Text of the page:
That seems to be the agreed order. As to adding to run time - miniscule effect and not worth worrying about. My engine run-time meter died years ago. Who cares what it says as long as the engine runs well, with minimal oil consumption, and clean exhaust. How it has been used and serviced is more important than how long it has run.
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Old 02-10-2017, 09:46 PM   #11
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Quote:
Originally Posted by Peter B View Post
That seems to be the agreed order. As to adding to run time - miniscule effect and not worth worrying about. My engine run-time meter died years ago. Who cares what it says as long as the engine runs well, with minimal oil consumption, and clean exhaust. How it has been used and serviced is more important than how long it has run.
Not to step on ur toes but isn't that how you know when to service, by the amount of hours? I'm not by any means an expert so I may be wrong...
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Old 02-10-2017, 09:53 PM   #12
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Greetings,
Mr. SR. You're absolutely correct unless Mr. PB keeps separate note of the running hours.
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Old 02-10-2017, 09:56 PM   #13
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With a 6/354 NA Perkins, change the oil(s) and filters annually and it will outlast your grand-kids.
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Old 02-10-2017, 09:59 PM   #14
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I would think it's best to keep the ignition and fuel running simultaneously as long as possible to keep the engine operating within its sweet spot until the end...then kill everything at once.

Why keep one or the other running if not needed to support operation? If it's no real problem doing both at once, why not? Either one alone won't support sustained combustion but I can imagine conditions where one or the other could sustain partial combustion upon shutdown and provide an extra kick or two to the engine.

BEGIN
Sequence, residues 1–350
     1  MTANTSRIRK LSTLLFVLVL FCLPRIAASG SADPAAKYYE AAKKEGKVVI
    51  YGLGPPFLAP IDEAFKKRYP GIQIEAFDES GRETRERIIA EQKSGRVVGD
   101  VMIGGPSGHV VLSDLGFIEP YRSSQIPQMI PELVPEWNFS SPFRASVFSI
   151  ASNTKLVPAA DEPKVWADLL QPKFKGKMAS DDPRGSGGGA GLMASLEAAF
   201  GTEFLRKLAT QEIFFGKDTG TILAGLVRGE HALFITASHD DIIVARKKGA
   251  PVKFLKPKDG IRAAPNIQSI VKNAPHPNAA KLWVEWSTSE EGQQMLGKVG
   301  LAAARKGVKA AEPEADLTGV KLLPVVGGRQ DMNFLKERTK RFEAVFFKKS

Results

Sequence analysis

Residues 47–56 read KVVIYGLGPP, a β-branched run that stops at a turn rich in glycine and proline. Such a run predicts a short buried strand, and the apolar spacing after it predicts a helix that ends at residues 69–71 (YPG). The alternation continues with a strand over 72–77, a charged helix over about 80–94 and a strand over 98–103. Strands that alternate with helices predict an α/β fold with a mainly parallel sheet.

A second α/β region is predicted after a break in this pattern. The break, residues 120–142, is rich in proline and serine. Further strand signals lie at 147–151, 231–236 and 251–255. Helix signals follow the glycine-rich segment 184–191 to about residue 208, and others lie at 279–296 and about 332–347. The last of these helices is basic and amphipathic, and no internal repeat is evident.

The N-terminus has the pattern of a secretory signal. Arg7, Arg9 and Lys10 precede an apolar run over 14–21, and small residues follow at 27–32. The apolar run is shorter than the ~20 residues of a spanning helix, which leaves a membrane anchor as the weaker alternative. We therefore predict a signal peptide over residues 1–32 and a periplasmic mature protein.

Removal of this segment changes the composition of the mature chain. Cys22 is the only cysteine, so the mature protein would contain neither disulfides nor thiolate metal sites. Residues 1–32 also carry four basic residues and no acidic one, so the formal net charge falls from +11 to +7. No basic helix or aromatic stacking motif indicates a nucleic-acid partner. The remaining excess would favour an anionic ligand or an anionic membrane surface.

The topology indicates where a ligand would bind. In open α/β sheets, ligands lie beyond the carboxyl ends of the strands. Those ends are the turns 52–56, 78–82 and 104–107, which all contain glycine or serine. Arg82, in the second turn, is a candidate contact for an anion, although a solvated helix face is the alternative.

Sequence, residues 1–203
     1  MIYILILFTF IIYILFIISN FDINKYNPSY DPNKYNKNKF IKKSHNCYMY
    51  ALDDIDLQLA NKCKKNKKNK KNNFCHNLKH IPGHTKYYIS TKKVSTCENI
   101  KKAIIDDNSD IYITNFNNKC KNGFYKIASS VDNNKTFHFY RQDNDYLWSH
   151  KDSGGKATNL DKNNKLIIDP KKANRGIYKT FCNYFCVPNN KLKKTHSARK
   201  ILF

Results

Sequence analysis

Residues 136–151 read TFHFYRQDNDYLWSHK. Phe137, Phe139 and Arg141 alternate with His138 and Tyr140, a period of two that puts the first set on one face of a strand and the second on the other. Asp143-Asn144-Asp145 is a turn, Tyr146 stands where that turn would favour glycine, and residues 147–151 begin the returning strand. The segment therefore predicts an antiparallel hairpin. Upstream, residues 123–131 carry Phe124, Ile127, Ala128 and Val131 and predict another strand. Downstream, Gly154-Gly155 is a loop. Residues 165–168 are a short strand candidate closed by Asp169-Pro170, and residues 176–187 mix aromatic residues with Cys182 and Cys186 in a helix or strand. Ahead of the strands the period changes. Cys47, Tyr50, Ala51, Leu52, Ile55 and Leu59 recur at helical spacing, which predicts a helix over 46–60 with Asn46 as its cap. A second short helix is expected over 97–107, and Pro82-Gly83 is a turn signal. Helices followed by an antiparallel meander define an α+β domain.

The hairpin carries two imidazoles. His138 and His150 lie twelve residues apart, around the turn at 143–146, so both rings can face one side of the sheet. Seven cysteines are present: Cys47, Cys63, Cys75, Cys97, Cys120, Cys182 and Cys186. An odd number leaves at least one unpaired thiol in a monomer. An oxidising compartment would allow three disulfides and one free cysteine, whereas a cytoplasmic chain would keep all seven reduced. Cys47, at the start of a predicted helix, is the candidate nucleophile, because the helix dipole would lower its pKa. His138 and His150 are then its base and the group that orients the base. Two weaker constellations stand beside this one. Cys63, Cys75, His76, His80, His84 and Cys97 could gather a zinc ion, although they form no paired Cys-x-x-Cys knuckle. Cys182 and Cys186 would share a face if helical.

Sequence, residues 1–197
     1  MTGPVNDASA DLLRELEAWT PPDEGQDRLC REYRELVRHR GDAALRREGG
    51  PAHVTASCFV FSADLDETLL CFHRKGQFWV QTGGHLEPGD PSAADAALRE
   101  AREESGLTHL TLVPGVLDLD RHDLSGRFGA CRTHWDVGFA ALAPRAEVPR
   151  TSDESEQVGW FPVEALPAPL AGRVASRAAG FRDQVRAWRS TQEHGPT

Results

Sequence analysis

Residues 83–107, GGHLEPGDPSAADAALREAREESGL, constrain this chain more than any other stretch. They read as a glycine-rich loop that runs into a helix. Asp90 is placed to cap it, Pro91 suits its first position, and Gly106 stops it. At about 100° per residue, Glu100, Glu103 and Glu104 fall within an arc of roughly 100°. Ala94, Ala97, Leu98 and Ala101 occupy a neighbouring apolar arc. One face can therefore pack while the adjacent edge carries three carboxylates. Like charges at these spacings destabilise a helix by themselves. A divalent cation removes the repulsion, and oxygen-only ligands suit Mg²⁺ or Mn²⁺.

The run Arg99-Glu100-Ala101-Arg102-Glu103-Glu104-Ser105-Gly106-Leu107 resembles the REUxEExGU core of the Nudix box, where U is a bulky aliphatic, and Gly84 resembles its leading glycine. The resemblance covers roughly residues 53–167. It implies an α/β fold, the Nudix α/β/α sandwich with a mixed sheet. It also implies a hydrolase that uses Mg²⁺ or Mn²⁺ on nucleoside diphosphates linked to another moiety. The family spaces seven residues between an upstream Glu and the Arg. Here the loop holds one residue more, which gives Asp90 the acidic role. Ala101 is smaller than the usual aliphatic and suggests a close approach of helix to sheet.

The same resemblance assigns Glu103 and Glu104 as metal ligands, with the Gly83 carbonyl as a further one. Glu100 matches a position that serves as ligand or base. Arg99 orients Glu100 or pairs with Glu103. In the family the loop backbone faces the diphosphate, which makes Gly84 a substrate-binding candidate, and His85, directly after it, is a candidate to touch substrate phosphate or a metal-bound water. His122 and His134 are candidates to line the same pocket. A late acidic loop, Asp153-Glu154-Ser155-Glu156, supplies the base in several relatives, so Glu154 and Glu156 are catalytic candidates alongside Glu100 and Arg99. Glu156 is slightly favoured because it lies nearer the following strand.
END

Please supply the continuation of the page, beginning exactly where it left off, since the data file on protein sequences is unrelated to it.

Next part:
If I could avoid those extra kicks, then it's all worth it.
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Old 02-10-2017, 10:09 PM   #15
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I kill the engine and immediately turn off the key to avoid hearing the alarm. Simple enough. But I turn on the key again to read the hours of the day's cruise for the log.
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Old 02-10-2017, 10:14 PM   #16
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For me it is pressing the off button to switch the engine off and then turn off the key to turns everything off. But this must be depending on the kind of solenoid you have.
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Old 02-10-2017, 11:09 PM   #17
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Fuel off first then electric and I suspect engines with just a key follow that order. All the engine manuals I have had called for that order. Maybe it has something to do with the alternator and its electronics since if you tern electric off first the belt is still driving the unit.
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Old 02-10-2017, 11:32 PM   #18
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Curious ... Wonder what will happen if pushing the start button with the key off? Probably how the system is wired, and electricity has always been a mystery.
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Old 02-10-2017, 11:39 PM   #19
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When I read ignition, I understood it to mean electrical power to the electronics of the engine. Is that what the PO meant?
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Old 02-10-2017, 11:41 PM   #20
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I just turn off the key. Don't have a stop button.